Dendreon's (NASDAQ:DNDN) sales of its prostate cancer treatment, Provenge, haven't exactly lived up to expectations. The biotech is doing its best to raise U.S. sales and keep costs in check, but one way to get an instant boost in revenue is to start selling the treatment in Europe.
But first it has to be approved there. And because the drug has a complex manufacturing process, before that, Dendreon has to get its manufacturing plant approved.
The biotech announced on Thursday that it's making progress there; the first patient has been dosed in a trial of European men. This is an open-label study, meaning the patients know they're receiving Provenge, so we won't learn anything new about efficacy of Provenge.
The trial is simply to show that it can manufacture the individualized treatment. Dendreon has previously set up three manufacturing plants, one that it had to close, so this is a fairly low-risk step toward selling Provenge in Europe.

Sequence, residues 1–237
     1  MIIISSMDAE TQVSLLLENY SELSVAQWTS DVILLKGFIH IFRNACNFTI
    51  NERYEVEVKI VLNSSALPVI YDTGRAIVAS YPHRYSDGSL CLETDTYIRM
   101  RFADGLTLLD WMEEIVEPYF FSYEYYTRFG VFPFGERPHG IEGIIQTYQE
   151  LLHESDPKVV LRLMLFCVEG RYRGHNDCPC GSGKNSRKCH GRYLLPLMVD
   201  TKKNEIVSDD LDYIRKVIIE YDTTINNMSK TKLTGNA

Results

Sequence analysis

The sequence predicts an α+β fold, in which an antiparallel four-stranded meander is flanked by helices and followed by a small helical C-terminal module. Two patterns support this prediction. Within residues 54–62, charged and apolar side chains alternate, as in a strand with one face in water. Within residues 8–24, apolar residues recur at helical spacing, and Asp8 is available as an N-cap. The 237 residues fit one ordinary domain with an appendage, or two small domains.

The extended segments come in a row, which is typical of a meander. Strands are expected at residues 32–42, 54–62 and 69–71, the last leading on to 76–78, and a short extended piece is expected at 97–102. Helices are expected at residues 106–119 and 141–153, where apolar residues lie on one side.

Once Provenge is approved in Europe, it'll likely run into the same challenges it's seeing in the U.S. Johnson & Johnson's (NYSE:JNJ) Zytiga and Sanofi's (NYSE:SNY) Jevtana are already on the market to treat prostate cancer in Europe. And Medivation (NASDAQ:MDVN) has applied for approval of Xtandi there. In addition to competition, Provenge's other issue -- cost -- will still be a problem in Europe, where centralized health care focuses on the cost-benefit ratio for drugs.
Dendreon's best solution might be to license out the European rights to Provenge for some upfront cash and a royalty on sales. The biotech won't make as much -- the pharma partner has to take a cut -- but it might not give up that much since a big pharma partner with a presence in the region would likely be able to keep expenses lower than Dendreon can. And in exchange for giving up some profits, Dendreon would alleviate risk since it won't have to shell out cash until the region becomes profitable.
Fool contributor Brian Orelli has no positions in the stocks mentioned above. The Motley Fool owns shares of Dendreon and Johnson & Johnson. Motley Fool newsletter services recommend Johnson & Johnson. Try any of our Foolish newsletter services free for 30 days. We Fools may not all hold the same opinions, but we all believe that considering a diverse range of insights makes us better investors. The Motley Fool has a disclosure policy.